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Economic Week in Review: Mystery over the Fed's next move

August 23, 2013

Conflicting monthly sales trends came from the housing market this week, while a gauge of future economic activity was upbeat. But, the development that likely drew investors' attention was the release of minutes from the latest meeting of the Federal Reserve's policymaking arm. Those minutes, however, left unanswered investors' main question: When will the Fed begin winding down its massive bond-buying program, a central feature of its unconventional economic stimulus program?

For the week ended August 23, 2013, the S&P 500 Index was up 0.5% to about 1,664 (for a year-to-date total return—including price change plus dividends—of about 18.3%). The yield on the 10-year U.S. Treasury note was down 2 basis points to 2.82% (for a year-to-date increase of 104 basis points).

The "tapering" is coming—but when?

Investors eagerly reviewed the minutes of the Federal Open Market Committee's July 30–31 meeting, as they sought clues about changes in the Fed's strategy to support the economic recovery. The minutes of the FOMC, which are released with a three-week lag, showed broad support for scaling back the Fed's purchases of Treasury bonds and mortgage-backed securities, a key element of its program. But details, such as timing and magnitude, were lacking. Some analysts believe that the "tapering"—as the pullback has become known—will begin as early as September; some suspect December. Earlier statements from Fed officials that suggested tapering might start this year had roiled the global financial markets. Interest rates (including mortgage rates) have been steadily rising since May when the Fed began signaling that it was preparing to wind down its stimulus. Central to the Fed's plan is the economic outlook: The stronger the economy appears to be, the greater the odds that the tapering will begin. Some concern was expressed at the meeting that the economic outlook has weakened a bit.

"Fed communications since May continue to address the possibility of a gradual winding down of its monthly purchases of $45 billion in Treasuries and $40 billion in mortgage-backed securities. No time frame has been mentioned, so any market reaction is rooted in speculation," said Andrew J. Patterson, Vanguard economist. "Moreover, the Fed continues to emphasize the importance that current economic conditions will have in shaping its policies. Once tapering begins, the course and timing of any tapering will be in no way predetermined. Also not predetermined will be policy changes, including an eventual increase in its target short-term interest rate, which remains some time off."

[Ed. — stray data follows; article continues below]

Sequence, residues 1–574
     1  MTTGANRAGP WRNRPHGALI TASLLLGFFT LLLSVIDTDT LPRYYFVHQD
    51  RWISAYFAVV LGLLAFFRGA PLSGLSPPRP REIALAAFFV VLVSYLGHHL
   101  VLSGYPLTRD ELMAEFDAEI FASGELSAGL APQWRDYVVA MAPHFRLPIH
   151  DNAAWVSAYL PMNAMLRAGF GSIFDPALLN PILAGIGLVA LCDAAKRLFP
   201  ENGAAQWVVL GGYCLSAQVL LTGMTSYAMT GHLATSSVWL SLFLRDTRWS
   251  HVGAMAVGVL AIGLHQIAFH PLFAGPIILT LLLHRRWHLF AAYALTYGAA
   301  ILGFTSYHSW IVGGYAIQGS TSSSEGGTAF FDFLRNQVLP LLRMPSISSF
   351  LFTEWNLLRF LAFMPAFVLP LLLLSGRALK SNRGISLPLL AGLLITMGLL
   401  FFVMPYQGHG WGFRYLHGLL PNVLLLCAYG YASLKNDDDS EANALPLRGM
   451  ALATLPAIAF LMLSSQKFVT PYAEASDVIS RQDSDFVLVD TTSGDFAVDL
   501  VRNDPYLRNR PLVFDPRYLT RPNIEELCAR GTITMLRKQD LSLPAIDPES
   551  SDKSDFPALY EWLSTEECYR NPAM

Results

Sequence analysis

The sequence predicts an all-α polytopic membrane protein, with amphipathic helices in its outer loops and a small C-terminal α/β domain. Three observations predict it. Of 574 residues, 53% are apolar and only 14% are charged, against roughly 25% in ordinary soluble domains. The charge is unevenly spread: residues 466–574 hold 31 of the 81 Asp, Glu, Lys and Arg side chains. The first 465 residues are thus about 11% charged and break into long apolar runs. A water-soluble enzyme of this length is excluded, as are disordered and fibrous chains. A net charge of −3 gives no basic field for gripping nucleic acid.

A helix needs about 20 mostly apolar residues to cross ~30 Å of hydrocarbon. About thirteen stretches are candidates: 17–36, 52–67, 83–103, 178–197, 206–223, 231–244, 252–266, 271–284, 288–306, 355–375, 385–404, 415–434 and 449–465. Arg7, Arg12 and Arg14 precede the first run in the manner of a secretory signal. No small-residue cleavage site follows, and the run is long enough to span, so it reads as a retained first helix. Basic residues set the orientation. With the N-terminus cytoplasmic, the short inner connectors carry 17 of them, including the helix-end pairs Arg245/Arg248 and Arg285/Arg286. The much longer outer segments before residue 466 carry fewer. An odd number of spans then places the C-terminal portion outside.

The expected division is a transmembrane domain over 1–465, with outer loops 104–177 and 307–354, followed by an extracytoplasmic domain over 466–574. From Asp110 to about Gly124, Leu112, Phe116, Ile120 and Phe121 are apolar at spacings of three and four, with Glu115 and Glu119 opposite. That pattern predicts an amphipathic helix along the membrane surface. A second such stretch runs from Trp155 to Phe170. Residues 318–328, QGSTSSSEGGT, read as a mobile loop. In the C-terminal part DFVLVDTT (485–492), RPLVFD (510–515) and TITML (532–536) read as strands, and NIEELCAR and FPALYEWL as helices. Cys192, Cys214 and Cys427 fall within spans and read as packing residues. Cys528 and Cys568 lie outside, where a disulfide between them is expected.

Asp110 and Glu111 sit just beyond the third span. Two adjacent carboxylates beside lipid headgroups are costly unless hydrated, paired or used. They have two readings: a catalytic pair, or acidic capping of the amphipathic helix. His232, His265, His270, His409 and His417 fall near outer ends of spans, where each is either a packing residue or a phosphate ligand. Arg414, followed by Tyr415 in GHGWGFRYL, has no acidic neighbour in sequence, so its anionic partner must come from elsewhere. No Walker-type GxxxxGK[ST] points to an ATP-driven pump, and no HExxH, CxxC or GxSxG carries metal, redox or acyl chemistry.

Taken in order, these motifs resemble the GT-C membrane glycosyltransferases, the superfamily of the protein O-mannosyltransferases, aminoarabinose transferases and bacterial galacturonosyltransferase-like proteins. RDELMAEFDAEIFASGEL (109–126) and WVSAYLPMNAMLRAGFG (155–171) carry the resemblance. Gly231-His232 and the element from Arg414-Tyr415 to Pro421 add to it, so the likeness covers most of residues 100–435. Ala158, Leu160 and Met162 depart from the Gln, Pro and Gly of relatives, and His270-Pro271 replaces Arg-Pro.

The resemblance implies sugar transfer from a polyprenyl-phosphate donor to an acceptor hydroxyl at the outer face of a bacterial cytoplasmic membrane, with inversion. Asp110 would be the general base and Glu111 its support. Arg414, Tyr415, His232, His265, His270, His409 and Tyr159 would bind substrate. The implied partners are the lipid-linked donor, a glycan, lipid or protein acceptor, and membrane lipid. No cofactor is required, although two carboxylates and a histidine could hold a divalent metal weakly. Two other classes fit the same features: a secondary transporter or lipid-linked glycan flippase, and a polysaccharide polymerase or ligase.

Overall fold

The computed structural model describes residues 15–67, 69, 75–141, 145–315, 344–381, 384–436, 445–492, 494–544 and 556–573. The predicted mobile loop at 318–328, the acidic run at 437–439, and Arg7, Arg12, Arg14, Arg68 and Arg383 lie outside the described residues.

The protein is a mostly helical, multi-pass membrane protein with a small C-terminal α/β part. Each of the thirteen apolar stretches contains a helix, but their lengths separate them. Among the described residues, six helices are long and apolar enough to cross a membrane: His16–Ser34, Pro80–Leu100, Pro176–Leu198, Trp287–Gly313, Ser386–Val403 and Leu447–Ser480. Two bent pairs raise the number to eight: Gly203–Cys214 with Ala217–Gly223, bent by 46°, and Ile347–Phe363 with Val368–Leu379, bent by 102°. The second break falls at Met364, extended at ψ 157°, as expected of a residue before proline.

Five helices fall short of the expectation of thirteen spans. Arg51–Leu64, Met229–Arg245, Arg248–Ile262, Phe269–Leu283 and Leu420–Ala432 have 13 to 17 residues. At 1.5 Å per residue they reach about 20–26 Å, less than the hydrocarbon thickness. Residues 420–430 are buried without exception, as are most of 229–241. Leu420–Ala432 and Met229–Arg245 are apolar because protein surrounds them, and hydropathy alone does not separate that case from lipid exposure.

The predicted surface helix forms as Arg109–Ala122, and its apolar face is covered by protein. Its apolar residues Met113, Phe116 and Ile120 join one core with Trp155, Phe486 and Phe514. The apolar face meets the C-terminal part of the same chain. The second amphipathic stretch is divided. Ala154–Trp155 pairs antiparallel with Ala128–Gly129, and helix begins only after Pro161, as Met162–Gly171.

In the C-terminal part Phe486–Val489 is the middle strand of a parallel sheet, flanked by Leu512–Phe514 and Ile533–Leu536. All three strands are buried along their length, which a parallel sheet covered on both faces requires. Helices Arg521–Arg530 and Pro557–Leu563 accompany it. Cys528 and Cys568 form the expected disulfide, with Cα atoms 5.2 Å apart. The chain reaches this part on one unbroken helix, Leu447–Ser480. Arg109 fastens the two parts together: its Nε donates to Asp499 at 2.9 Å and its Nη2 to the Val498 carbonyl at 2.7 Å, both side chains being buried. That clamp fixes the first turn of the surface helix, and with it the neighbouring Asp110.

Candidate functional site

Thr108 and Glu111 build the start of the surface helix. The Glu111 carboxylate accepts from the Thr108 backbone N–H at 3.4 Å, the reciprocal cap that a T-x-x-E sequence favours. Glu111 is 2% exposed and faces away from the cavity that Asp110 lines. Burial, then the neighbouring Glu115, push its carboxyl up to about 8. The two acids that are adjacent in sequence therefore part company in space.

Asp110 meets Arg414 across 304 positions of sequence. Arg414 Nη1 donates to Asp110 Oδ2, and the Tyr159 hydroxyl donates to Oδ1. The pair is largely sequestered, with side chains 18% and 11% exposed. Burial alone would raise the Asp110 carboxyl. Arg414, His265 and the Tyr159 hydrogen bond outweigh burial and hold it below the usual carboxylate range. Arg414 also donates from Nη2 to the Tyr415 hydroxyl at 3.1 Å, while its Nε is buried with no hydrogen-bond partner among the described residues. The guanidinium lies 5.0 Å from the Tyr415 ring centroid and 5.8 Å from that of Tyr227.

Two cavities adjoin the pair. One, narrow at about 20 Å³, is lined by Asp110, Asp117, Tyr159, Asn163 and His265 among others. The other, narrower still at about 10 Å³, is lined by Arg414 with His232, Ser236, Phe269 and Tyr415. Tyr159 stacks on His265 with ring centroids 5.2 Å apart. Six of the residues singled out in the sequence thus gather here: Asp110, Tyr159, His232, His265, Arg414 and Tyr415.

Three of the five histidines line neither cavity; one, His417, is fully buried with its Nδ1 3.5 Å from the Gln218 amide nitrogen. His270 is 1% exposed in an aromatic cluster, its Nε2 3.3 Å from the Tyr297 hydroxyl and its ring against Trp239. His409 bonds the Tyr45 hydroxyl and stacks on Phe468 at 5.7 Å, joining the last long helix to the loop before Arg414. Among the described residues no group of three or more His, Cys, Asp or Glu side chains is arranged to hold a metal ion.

Sales of previously owned homes grow faster than expected

Strong broad-based demand pushed sales of previously owned homes up 6.5% in July, to an annual rate of 5.39 million units and well above expectations. The July result more than reversed June's dip in sales, putting purchases at their highest level in over three years. Median home prices jumped 13.7% from a year ago, because of fewer distressed sales and extremely tight inventories of available homes, which remain 5% below a year ago. Many of the contracts for existing-home sales had locked in mortgage rates from May and June. The average rate for a 30-year fixed mortgage stood at 3.35% as of May 2 and at 4.58% as of August 22, according to Fannie Mae.

Existing-home sales

New home sales surprisingly slump

Sales of new single-family homes fell by 13.4% in July from revised June levels. The July sales were at an annual rate of 394,000, well below expectations (490,000) and at their lowest level since last October. The largest decline was in the West, smallest in the Northeast. Compared with a year earlier, however, sales were about 7% higher. Median home prices rose by 8.3% from a year earlier.

Gauge of future economic activity gains ground

The Conference Board's index of leading indicators, a gauge of future economic activity, rose 0.6% in July after a flat June. Eight of the ten indicators that make up this composite index rose compared with only half the components a month earlier. "The pace of the [index's] growth over the past six months has nearly doubled, pointing to a gradually strengthening expansion through the end of the year," said Ataman Ozyildirim, an economist at The Conference Board.

The economic week ahead

The latest estimate on second-quarter gross domestic product will be released on Thursday. Other reports include durable goods orders (Monday), consumer confidence (Tuesday), and personal income and spending (Friday).

Summary of major economic reports
Date Report Actual
expected value
10-year note yield S&P 500 Index
August 19       +4 bp –0.6%
August 20       –6 bp +0.4%
August 21 Existing-Home Sales (July, annualized)
Source: National Association of Realtors
5.39 million 5.16 million +5 bp –0.6%
  FOMC Minutes (July)
Source: Federal Reserve Board
August 22 Initial Jobless Claims (week ended August 17)
Source: Labor Department
336,000 330,000 +3 bp +0.9%
  Leading Economic Indicators (July)
Source: The Conference Board
+0.6% +0.5%    
August 23 New-Home Sales (July, annualized)
Source: Commerce Department
394,000 490,000 –8 bp +0.4%
      Weekly change –2 bp  +0.5%

bp=basis points. 100 basis points equal 1%. For example, if a bond's yield rises from 5.0% to 5.5%, the increase is 50 basis points.


  • The economic statistics presented in this report are subject to revision by the agencies that issue them. For more information on the reports mentioned in this article, read our Guide to major U.S. economic reports.
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  • Past performance is no guarantee of future returns. The performance of an index is not an exact representation of any particular investment, as you cannot invest directly in an index.
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